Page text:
- Define what you mean by craft
- – what differentiates craft from fine art or design ( could draw on ideas from first year archetypes brief)
- The applications of digital media in the craft world
- does the digital craftsman exist? What do they look like? how can their work be described/ categorized
- – organic matter being created from digital algorithm
- will this give rise to naturalistic undefinable forms? an emergence of mode of new sculpture?
- Theory of Sculpture matters, this needs researching…
- – Mike Hansmeyer – using fractural(?) geometries to apply an algorithm to organic architectural design – making a physical object from a computer
– Michael Eden – transforming the organic process of ceramic into a digital form
– Geoffrey Mann – flight of the moth – transforming movement (organic nature body time motion) into physical object using digital techniques.
Process of making:
Algorithmic design – grasshopper- others?
above. grasshopper definitions
- you have a 3d print – very complex – direct cast in bronze?
- Laser cut- layers approach to large complex object like Hansmeyer…..
- Future 3d printers or laser cutters we are able to work in a whole range of materials – ceramic (examples)
- rapid prototyping allows us to move on quicker, we can create more stuff/or maybe less stuff but better stuff?
- Internet generation (everything is instant)
How can you apply this to an object. Maybe have different examples of different types of rapid prototyping applied in a craft way relevant to the definition you gave at the beginning to justify them.
Should I consider post graduate study in the future, I shall be sure to consider the academic written requirements expected of students at that level and assess whether I am ready for it and that I have something to say that I think I could convey well.
The final title of my dissertation eventually became The Industrialization of the Maker and Digital Fabrication. Ill admit it went through quite a few different variations before it finally arrived there. From the beginning I knew that I wanted to talk about Making and the Maker Movement. The rise of the maker movement to importance in the world today and its reliance on the modes of production and infrastructure that came before it is really the meat of my writing. If I were to revisit the writing I would like discuss some more specific case studies that show the progression of the maker movement revolution and the parallels that can be drawn from Britain’s industrial revolution past. I really enjoyed writing the Maker movement chapter, it felt like the structure came a little easier in that section. The research came with a little more ease than I had found with the industrial revolution work. I found the research and writing surrounding the industrial revolution content interesting but a little harder to work with, some of the texts could become a little laborious to read at times. I found the most difficultly in constructing my final chapter, it proved to challenging though – drawing from the earlier chapters in the text to formulate arguments.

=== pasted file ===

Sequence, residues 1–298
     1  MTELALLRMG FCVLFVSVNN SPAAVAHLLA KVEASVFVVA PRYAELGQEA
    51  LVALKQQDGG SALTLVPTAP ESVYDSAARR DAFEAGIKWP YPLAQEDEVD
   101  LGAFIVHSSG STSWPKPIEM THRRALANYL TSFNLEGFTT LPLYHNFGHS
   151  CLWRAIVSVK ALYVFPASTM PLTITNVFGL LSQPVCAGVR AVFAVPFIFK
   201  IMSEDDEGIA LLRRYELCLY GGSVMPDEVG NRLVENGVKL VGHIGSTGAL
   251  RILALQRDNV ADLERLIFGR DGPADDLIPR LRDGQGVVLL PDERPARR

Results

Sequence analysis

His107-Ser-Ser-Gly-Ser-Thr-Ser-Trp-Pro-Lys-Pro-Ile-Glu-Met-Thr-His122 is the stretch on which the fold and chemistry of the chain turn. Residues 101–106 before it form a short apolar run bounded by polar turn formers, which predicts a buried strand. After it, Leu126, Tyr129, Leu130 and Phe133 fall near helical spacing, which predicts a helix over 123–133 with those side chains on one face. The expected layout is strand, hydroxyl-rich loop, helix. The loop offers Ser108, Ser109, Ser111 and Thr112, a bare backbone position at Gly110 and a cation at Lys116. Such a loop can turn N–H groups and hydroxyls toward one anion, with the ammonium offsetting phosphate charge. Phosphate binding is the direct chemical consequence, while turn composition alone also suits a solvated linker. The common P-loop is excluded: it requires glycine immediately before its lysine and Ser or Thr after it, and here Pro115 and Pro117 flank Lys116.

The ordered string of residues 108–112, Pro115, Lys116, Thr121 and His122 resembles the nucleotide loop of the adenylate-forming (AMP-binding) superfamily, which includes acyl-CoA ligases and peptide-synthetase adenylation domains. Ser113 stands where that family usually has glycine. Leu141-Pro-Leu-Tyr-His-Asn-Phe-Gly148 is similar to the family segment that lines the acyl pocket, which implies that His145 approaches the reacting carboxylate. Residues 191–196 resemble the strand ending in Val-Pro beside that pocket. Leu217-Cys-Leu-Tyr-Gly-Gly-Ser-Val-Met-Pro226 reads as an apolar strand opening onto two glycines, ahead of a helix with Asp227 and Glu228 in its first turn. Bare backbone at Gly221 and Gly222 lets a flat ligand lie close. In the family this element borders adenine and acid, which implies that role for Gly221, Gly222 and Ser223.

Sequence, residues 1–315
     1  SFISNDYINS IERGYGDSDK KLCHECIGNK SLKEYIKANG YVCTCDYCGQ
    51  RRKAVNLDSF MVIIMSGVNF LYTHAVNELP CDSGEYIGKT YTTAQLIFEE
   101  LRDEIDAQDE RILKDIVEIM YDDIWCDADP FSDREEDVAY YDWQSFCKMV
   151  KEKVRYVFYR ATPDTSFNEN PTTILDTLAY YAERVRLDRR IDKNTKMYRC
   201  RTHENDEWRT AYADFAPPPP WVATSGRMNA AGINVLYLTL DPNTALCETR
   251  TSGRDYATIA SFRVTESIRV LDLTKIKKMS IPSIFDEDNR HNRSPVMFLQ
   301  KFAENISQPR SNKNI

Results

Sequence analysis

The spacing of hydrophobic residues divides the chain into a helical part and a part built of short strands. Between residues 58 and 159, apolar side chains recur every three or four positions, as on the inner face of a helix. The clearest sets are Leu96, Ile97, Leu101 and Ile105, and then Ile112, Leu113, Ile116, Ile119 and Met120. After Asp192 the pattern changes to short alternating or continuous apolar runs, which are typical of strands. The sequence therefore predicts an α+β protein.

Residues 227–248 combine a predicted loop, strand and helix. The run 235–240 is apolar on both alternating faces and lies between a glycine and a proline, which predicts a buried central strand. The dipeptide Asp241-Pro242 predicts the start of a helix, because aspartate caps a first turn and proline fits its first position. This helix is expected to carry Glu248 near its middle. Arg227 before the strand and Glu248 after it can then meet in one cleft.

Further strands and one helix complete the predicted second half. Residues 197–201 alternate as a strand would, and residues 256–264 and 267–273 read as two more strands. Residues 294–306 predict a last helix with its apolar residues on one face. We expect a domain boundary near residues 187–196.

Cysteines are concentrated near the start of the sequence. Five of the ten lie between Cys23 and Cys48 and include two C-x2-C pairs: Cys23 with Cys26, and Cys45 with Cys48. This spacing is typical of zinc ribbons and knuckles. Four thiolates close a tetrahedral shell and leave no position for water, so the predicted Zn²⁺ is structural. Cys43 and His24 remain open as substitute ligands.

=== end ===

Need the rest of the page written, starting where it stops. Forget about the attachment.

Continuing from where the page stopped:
In conclusion I’v learnt plenty of new skills in writing this dissertation such as researching, formatting academic text, constructing a bibliography and voicing an academic argument to name but a few. The process of writing the dissertation also reminded me of some of my weaknesses, time management, indecision and experiencing difficulty in achieving a specific focus that was required to hold the whole scope of the writings argument in its totality and see where to go next. These are things I should have to keep in mind should I venture on another attempt at writing an academic text such as this again. With focus and time I can improve. Dissertation was tough, for me it started right at the beginning starting with that indecision on what to write. This was really unfortunate as I found as time went on I was finding it harder to talk easily about it with my tutor, admittedly I found more and more awkward to cement the direction of my writing. I have had good support with the work though, with my dissertation tutor always nearby should I need some help. Discussing the work with peers a really good way to get past impasses which inhibited progress.It has certainly been an educational process this dissertation.